Two years ago, an off-duty Orange County Sheriff’s deputy pulled his gun on an unarmed South County teen during a confrontation at a San Clemente skatepark.
This month, Orange County Supervisors approved a $195,000 settlement agreement with the teen, Max Chance III of San Juan Capistrano, after he sued the county over negligence, assault, emotional distress and civil rights violations around the incident.
Sheriff officials have since determined the deputy, Michael Thalken, violated department policy through his actions, which includes Thalken yelling “Get on your knees or I will shoot you in the fucking face” as he pointed a gun at Chance on Oct. 12, 2019.
Yet Thalken remains employed at the department in a “non-field capacity,” said Sheriff spokesperson Carrie Braun in a Wednesday statement, adding that unspecified “discipline was issued and served.”
Chance — whose father, Max Chance Jr., happens to be a retired deputy who once supervised Thalken, according to attorneys — was 16 at the time of the incident.
The OC Board of Supervisors approved the settlement on July 13.
Representing Chance in his lawsuit against the county were father-and-son attorneys Eric and Connor Traut, the latter of whom is the current mayor of Buena Park.
“I think they need to go over their written policies again to ensure that people aren’t subjected to this sort of thing again,” said Eric Traut in a Wednesday phone interview.
Traut said his team called in an expert review of OC Sheriff policies “that relate to conduct of Sheriff’s deputies on and off duty, and this conduct was prohibited in their own written policies, so it’s my hope they’ll … ensure this conduct doesn’t happen again.”
Braun, in an email response to questions about that, said “the Department routinely reviews policy through briefing items for sworn staff” in the jails, courts and field deputies on patrol.
Chance, in his lawsuit, alleges he suffered emotional anguish, as well as post traumatic stress following the incident.
The teenager was at the skatepark with some friends when Thalken walked over from the adjacent little league field that night.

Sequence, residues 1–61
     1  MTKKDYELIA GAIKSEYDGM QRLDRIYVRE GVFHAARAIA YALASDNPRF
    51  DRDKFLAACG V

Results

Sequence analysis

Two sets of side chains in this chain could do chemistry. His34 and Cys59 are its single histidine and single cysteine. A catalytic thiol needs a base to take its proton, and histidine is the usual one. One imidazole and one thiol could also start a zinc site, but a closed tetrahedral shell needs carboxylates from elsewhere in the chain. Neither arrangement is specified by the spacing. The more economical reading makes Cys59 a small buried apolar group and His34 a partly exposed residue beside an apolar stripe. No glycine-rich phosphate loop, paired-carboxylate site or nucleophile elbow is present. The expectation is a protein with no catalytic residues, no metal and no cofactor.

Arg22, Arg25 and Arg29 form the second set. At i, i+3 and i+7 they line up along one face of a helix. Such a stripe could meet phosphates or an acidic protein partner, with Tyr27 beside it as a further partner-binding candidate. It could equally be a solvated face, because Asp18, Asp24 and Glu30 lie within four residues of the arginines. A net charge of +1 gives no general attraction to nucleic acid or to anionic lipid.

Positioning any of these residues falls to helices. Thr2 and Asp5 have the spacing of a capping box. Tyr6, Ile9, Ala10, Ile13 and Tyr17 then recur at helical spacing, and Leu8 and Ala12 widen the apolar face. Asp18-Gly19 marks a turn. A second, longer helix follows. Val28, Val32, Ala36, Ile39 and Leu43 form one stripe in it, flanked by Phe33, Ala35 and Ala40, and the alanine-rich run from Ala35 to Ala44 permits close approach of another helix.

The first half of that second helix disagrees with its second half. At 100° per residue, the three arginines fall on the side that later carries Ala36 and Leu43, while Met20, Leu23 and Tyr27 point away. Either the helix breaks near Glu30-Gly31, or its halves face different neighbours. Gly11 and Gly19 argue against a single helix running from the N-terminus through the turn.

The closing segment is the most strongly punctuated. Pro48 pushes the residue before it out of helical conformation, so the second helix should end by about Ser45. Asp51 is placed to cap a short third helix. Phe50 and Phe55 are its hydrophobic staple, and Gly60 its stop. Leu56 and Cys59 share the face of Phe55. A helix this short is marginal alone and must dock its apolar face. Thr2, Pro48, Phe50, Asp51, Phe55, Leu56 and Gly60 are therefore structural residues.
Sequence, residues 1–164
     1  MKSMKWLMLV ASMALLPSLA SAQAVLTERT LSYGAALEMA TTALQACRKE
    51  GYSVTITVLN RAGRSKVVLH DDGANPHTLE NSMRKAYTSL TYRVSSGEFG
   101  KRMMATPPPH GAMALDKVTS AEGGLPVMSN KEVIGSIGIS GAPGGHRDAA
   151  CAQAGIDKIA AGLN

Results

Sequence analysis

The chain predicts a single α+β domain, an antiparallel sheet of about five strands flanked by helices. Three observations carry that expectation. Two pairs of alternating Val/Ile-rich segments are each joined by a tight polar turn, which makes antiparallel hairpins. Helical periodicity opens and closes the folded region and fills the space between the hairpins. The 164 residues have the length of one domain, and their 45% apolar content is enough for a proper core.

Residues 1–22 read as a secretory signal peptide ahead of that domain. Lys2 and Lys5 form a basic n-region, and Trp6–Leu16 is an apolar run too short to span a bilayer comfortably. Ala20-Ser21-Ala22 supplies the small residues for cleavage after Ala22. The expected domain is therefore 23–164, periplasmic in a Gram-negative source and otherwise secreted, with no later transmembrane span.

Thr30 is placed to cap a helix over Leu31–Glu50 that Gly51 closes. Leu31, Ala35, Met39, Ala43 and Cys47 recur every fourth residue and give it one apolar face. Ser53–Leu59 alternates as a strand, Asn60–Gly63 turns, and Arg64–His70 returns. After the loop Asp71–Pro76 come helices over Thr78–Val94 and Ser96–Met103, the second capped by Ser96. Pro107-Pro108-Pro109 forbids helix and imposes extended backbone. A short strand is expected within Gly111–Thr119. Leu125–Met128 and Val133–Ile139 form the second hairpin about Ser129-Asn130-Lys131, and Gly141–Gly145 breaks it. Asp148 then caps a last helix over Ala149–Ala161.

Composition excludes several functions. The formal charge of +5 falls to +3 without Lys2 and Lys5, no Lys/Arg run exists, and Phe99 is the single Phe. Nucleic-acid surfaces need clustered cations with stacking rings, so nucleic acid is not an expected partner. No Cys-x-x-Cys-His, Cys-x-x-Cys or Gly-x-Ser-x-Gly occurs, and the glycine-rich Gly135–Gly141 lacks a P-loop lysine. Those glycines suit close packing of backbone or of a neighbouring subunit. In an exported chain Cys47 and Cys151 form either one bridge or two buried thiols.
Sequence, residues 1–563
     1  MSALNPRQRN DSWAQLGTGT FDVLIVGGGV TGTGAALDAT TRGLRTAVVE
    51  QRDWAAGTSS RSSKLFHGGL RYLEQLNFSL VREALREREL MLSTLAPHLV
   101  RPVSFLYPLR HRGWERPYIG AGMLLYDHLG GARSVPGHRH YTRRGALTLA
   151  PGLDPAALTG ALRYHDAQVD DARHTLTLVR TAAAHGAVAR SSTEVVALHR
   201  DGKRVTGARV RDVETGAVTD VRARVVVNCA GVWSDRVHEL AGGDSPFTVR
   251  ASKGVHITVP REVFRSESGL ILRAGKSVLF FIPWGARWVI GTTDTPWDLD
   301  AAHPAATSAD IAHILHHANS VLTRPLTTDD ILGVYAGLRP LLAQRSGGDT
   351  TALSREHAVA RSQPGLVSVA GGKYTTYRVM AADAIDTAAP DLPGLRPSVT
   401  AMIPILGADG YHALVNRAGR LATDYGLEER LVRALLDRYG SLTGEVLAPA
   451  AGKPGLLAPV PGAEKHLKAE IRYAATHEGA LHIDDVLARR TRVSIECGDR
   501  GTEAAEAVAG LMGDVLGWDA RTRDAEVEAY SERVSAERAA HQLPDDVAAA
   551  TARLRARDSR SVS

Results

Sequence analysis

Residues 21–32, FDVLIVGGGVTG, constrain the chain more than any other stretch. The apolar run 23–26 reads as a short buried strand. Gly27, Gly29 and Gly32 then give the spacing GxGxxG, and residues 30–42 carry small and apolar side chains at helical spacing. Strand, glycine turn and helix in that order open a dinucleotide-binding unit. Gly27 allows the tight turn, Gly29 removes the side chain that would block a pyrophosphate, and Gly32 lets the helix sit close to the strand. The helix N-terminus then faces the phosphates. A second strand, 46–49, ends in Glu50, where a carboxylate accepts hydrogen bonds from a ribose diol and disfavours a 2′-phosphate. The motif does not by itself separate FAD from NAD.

The lawsuit says Thalken appeared intoxicated and angered by the music playing from a nearby live band, shouting “Where is the tough guy” while another bystander mimicked Thalken’s drunk-like walk.
Chance had done nothing to instigate Thalken besides raising his skateboard and backing away in self defense, the lawsuit says, when Thalken tried to grab the teenager’s wrist.
That was when Thalken pulled his gun on Chance, captured on video by observers.
Thalken only identified himself as law enforcement once Chance complied with his demands to get on his knees, according to the lawsuit, which also alleges that Thalken misrepresented what happened when other deputies arrived on scene and when the teen’s father called Thalken and revealed that the teenager was his son.
The lawsuit was filed in Orange County Superior Court on March 9.
“As part of a settlement agreement like this, you can’t make it contingent that the deputy is fired,” Traut said. “However, I do hope there is some disciplinary action other than removing him from duty for a short period of time, which they did after this incident and took some limited internal steps with him.”
Braun, in the Sheriff’s Dept. statement, said Thalken was “immediately” placed on administrative leave “while the case was investigated and submitted to the District Attorney’s office.”
The D.A.’s office under Todd Spitzer ultimately opted not to file criminal charges.
Brandon Pho is a Voice of OC staff writer and corps member at Report for America, a GroundTruth initiative. Contact him at firstname.lastname@example.org or on Twitter @photherecord.